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All Movie Talk

Welcome to All Movie Talk! In this audio podcast, Samuel Stoddard and Stephen Keller talk about old and new movies, famous directors, historical film movements, movie trivia, and more.

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Movie Cliches I'm Sick Of

I'm not usually one to complain about unoriginality. Every story reuses themes, plots, characters, settings, and everything else from earlier stories. The movies are all about finding interesting takes on familiar subject matter. But there are some cliches that are so overdone, I feel they're just crutches for lazy filmmakers. What follows are some elements I can do without ever seeing again in the movies. Be sure and chime in with some that particularly bug you.

The chess metaphor

I don't even care what your chess game is a metaphor for (not that it's ever anything other than a metaphor for some other conflict between two sides) I don't want to see it. The one exception is if you're adapting Raymond Chandler. Otherwise, I don't need to see anyone explaining the current war in chess terms, I don't need to see God and the Devil playing chess, etc. If you have chess, it should be just a literal chess match. To a lesser extent, this is true for all games. Most of them are a little less overdone, but some of them run a real risk of getting worn out. I'm looking at you, poker.

Redeemed by sports

Similar to my chess gripe, I'm sick of sports being used as a metaphor for personal redemption. The guy who's washed up and has to prove something both to his team and himself? Seen it. Look, if your movie has central plots that have entire South Park episodes devoted to making fun of them, you can go ahead and cut that stuff out.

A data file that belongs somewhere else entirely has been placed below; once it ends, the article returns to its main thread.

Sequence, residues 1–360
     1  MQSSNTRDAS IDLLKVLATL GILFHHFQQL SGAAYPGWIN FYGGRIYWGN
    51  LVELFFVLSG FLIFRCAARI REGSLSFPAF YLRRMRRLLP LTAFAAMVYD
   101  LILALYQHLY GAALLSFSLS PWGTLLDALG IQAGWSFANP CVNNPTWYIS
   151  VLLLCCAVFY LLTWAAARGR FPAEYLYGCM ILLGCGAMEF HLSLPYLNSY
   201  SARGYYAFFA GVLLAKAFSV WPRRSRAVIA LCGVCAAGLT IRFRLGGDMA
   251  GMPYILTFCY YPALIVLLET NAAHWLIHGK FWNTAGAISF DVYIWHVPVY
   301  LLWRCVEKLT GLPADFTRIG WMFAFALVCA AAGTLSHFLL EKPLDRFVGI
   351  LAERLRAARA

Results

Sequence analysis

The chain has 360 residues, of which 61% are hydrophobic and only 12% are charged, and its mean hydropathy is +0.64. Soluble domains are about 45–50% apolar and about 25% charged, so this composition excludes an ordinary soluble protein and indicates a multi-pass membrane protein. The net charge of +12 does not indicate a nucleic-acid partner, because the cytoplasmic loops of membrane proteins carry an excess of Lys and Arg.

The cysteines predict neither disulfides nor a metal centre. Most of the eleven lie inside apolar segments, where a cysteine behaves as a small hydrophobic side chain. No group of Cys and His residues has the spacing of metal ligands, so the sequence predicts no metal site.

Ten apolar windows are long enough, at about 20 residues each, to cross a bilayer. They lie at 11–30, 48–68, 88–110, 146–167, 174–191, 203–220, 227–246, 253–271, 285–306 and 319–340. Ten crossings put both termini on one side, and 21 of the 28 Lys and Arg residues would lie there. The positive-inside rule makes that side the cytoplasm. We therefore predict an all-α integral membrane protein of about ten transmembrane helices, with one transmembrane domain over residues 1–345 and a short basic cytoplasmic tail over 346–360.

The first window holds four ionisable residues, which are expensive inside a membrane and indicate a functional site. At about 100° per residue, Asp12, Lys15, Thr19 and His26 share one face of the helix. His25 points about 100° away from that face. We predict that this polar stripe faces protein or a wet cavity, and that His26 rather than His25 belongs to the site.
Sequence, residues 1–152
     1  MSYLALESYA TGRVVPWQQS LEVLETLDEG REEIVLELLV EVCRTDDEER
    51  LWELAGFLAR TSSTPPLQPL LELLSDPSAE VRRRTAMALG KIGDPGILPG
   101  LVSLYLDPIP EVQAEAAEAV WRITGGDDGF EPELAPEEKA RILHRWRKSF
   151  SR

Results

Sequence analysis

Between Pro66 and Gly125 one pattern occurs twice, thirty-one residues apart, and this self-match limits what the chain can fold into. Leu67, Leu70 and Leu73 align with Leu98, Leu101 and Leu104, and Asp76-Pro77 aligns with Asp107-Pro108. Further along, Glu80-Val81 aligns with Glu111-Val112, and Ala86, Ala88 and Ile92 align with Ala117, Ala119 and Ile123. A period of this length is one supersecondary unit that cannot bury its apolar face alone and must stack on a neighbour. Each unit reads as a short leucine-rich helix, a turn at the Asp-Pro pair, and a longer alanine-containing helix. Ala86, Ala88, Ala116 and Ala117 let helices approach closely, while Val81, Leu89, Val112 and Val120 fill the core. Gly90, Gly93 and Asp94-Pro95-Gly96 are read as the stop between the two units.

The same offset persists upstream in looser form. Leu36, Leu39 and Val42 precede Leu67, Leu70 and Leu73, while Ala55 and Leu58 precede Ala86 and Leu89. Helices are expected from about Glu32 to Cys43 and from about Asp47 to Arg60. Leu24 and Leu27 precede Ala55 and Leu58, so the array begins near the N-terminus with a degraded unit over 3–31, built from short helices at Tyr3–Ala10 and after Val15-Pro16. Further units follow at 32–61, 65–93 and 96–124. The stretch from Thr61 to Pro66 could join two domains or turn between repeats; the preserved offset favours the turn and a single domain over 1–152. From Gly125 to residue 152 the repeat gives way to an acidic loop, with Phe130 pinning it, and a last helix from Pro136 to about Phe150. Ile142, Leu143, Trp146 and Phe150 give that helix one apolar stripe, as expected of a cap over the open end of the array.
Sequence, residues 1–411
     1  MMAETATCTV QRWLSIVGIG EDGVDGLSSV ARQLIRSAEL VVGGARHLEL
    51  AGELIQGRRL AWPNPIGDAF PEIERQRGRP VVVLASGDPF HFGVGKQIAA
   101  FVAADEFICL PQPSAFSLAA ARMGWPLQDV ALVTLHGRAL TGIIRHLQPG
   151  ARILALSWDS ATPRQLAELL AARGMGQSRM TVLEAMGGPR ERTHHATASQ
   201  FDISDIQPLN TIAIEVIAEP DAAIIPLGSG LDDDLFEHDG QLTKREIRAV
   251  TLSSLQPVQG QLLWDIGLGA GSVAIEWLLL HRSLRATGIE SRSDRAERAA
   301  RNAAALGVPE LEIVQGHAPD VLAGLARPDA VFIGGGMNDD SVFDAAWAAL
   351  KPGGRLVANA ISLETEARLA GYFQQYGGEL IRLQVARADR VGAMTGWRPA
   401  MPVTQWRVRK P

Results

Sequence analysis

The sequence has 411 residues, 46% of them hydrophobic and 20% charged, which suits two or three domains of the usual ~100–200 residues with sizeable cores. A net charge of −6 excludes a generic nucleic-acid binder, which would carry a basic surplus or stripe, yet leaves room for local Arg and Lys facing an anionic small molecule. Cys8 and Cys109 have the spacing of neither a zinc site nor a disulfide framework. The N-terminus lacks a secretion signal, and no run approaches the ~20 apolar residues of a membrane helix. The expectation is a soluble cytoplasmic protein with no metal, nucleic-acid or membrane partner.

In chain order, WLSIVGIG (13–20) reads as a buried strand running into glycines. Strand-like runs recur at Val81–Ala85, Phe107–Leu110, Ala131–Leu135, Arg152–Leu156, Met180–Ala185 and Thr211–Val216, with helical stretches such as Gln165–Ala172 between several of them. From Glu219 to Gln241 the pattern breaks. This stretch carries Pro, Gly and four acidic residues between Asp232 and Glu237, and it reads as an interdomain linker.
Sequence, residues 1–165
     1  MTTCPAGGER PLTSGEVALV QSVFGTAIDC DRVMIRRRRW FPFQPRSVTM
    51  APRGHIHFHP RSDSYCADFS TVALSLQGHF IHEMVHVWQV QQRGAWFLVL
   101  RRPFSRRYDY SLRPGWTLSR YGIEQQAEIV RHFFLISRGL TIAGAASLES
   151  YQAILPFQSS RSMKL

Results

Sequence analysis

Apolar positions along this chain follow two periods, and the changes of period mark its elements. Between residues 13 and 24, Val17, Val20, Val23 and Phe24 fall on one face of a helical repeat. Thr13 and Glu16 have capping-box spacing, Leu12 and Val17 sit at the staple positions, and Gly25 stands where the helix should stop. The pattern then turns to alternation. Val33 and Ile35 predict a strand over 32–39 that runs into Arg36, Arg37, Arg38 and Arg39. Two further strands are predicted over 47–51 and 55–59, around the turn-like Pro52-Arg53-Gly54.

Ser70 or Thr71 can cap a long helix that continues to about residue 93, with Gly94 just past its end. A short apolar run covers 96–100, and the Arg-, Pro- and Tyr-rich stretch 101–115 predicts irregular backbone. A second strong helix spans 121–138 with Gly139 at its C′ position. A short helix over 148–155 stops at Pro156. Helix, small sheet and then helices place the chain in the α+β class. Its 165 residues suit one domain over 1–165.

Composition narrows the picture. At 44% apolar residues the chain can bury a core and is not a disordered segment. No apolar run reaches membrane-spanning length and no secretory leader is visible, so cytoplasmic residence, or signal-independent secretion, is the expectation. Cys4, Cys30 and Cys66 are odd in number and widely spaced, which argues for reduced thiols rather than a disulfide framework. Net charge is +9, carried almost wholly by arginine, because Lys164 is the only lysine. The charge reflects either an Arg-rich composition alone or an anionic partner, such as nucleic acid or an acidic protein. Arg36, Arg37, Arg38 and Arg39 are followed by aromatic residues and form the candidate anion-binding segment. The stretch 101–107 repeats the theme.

Small towns with big secrets

Memo to David Lynch: we get it already. Small towns are full of people whose lives are just as sordid as everyone else's. There's evil lurking under the surface everywhere. Spare me. Have you writers ever lived in a small town? I did once, and my recollection of it was that everyone was too into everybody else's business for them to secretly harbor torturers, murderers, space aliens, etc. On a related note, there are exactly zero small towns in the world where everyone is on the scheme to lure tourists and campers to their unsuspecting demise. I've seen that enough times, too.

Wise beyond their years

Ever notice that very few columnists and professional pundits are under the age of 30? Do you know why this is? It's because the younger a person is, generally, the fewer interesting things they have to say. Ever have a conversation with a child? It's pretty much pure hell to actually discuss a single issue for more than 30 seconds with them. Yet in the movies the younger a person is, the wiser they seem. I don't ever want to see an eight-year-old giving profound advice to an adult again.

It's the little things in life

When a character gets some little trinket at the start of the movie, just once I'd like for it to never matter again. But, no, it always ends up being just the thing needed to save the day. I can't remember this ever happening to me in real life, and I don't think it comes up very often in history. "Thank heaven that Eisenhower had that jackknife his father gave to him or else D-Day would have been a failure!"

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